What will likely strike the reader is that Paris does not loom large in many of these novels. Reznicek makes a good deal of the Parisian scenes in these novels, but in the main they are short interludes. As such, they have been long overlooked or dismissed, and here they find their first, and welcome, sustained attention. For Reznicek, the short Parisian interludes are revelatory, with Paris appearing as perhaps a minor character set to reveal the entire workings of the plot. But the minor status of Paris is intriguing—what is it about the city that enables it to make a series of cameo appearances that also happen to be transformative? The answer is that Paris “functions in nineteenth-century Irish women’s novels as a central site for debate and anxieties over the emergence of a capitalist modernity” (7), as we see most starkly in Ormond, with its anxiety-ridden juggling of the Ancien Régime and an untested future. But it is, I think, much more than that: Paris is a quickening agent, and all that is solid melts into the Parisian air, surely one of the most stirring airs of the nineteenth century. The city plays the role of the bourgeoisie—Marx’s most revolutionary class, but also the class destined to be overthrown at the moment of the Revolution. In Ireland, George Moore (another Irish habitué of Paris) wrote, “there is nothing but the land” (110); in Paris, it seems, there is nothing so concrete, so immovable, and therein lies the attraction. For a people steeped in the tradition of worship for the solidity of landed capital and the social relations it demands, Paris offers liquidity and risk, and it tears asunder fast, fixed relations.

The value of The European Metropolis to scholars of Irish literature is plain to see—Reznick performs a bracing reorientation of the study of the Irish novel in the long nineteenth century, moving it away from an obsession with land and territory and towards an urban landscape of transition and formation. In doing so, he takes on a significant blind spot in Moretti’s analysis, establishing the critical importance of the Irish novel for our understanding of European literature. Accordingly, the book joins the select few that take seriously the history of the Bildungsroman in Irish literature. Reznicek wrests the genre from A Portrait of the Artist as a Young Man and Joyce’s cold, dead hands (or his obsession with artistic self-fashioning) and enlivens it by insisting that the Irish Bildungsroman is just as critically engaged with questions of capital and politics as its European counterparts.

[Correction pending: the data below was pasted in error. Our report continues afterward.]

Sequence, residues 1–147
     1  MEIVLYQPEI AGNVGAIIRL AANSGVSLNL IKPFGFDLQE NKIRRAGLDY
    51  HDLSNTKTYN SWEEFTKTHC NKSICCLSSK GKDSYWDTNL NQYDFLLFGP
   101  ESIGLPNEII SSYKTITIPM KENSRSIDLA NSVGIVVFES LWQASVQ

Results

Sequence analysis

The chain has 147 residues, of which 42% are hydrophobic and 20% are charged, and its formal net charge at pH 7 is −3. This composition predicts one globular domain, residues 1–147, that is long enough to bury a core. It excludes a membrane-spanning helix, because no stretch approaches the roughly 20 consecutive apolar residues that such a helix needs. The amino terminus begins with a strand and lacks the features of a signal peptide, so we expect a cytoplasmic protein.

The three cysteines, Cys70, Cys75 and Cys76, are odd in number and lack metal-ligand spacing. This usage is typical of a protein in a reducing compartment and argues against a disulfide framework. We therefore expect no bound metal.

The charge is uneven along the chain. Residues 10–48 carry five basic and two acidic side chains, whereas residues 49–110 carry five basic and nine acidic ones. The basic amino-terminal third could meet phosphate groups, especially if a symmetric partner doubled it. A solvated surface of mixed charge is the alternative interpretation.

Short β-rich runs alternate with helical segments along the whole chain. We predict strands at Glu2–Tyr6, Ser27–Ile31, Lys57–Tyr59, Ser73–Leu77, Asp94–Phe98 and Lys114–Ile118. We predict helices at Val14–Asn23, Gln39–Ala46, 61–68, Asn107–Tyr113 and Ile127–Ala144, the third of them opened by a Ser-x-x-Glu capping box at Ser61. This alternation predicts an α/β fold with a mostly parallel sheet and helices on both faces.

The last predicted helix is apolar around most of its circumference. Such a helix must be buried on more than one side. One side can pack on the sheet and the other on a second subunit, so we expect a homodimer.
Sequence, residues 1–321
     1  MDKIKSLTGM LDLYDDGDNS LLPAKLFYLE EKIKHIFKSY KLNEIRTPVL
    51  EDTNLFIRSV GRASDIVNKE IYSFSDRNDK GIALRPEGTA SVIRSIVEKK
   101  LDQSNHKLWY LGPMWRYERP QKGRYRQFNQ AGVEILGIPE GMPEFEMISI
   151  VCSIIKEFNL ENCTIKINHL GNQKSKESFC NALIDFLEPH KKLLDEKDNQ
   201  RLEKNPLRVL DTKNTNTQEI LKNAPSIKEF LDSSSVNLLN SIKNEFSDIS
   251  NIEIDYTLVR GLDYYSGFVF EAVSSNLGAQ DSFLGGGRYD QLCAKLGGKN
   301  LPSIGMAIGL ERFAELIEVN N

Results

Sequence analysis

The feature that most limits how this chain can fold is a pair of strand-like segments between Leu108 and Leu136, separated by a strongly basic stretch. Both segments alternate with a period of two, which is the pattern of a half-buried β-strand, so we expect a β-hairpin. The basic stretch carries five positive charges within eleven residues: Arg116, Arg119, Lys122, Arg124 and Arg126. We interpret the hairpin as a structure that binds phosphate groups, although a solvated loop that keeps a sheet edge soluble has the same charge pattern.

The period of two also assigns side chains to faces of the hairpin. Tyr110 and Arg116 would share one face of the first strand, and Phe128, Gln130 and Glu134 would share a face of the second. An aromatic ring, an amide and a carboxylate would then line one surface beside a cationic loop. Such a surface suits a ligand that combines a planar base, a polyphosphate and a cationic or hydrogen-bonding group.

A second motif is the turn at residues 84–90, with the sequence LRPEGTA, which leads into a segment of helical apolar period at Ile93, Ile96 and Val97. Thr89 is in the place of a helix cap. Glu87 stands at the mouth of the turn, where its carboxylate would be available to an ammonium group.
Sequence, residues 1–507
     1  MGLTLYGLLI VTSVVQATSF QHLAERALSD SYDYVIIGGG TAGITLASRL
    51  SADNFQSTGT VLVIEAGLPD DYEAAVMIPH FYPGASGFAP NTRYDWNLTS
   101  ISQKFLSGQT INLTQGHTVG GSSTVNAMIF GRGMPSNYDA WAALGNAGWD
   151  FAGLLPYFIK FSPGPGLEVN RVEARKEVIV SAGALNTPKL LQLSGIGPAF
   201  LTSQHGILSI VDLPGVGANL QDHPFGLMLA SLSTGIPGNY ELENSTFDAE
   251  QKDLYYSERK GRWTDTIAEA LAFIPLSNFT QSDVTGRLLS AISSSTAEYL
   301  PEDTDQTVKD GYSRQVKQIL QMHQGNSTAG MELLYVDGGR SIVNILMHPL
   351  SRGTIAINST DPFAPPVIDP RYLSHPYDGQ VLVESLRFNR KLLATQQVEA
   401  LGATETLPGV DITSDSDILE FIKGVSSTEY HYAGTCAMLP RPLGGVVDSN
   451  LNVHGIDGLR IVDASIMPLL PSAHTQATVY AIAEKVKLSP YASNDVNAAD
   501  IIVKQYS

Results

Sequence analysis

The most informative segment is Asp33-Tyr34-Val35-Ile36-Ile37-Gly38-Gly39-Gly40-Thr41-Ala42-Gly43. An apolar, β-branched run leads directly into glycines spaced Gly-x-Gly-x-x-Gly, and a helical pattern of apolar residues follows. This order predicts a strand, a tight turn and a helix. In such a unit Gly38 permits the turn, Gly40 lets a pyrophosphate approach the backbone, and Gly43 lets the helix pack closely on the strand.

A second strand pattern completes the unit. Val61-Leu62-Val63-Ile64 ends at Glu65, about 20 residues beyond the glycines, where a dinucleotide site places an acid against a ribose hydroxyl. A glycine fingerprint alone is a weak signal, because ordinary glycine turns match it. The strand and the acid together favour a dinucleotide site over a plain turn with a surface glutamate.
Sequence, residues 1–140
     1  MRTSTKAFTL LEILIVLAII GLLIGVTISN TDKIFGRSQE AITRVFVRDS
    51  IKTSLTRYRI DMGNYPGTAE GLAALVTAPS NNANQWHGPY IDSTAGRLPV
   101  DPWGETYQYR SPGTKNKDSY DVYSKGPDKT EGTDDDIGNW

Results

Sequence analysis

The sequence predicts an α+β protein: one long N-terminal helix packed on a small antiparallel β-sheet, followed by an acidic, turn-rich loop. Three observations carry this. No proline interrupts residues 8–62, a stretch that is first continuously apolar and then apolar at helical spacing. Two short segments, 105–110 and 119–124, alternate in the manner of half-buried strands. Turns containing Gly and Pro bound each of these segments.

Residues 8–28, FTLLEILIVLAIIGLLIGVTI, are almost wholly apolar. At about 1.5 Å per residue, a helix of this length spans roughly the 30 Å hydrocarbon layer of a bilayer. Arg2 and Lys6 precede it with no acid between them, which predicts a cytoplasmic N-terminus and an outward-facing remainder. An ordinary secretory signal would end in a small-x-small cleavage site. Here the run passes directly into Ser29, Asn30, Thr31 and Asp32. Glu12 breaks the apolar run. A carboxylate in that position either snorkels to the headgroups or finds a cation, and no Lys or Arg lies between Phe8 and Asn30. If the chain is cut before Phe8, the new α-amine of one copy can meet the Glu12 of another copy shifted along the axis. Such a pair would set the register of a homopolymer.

The European Metropolis will also be of interest to the readers of this journal for its bracing analysis of Bildungsromane that are written from the margins—by women; from Ireland; and very many of them long after the genre’s heyday. As such, the book offers a detailed, careful, and surprising counter-history of both the Bildungsroman and Paris as told by authors and protagonists whose outsiderness is their principal virtue. 

Volume: 
48.1–2
Year: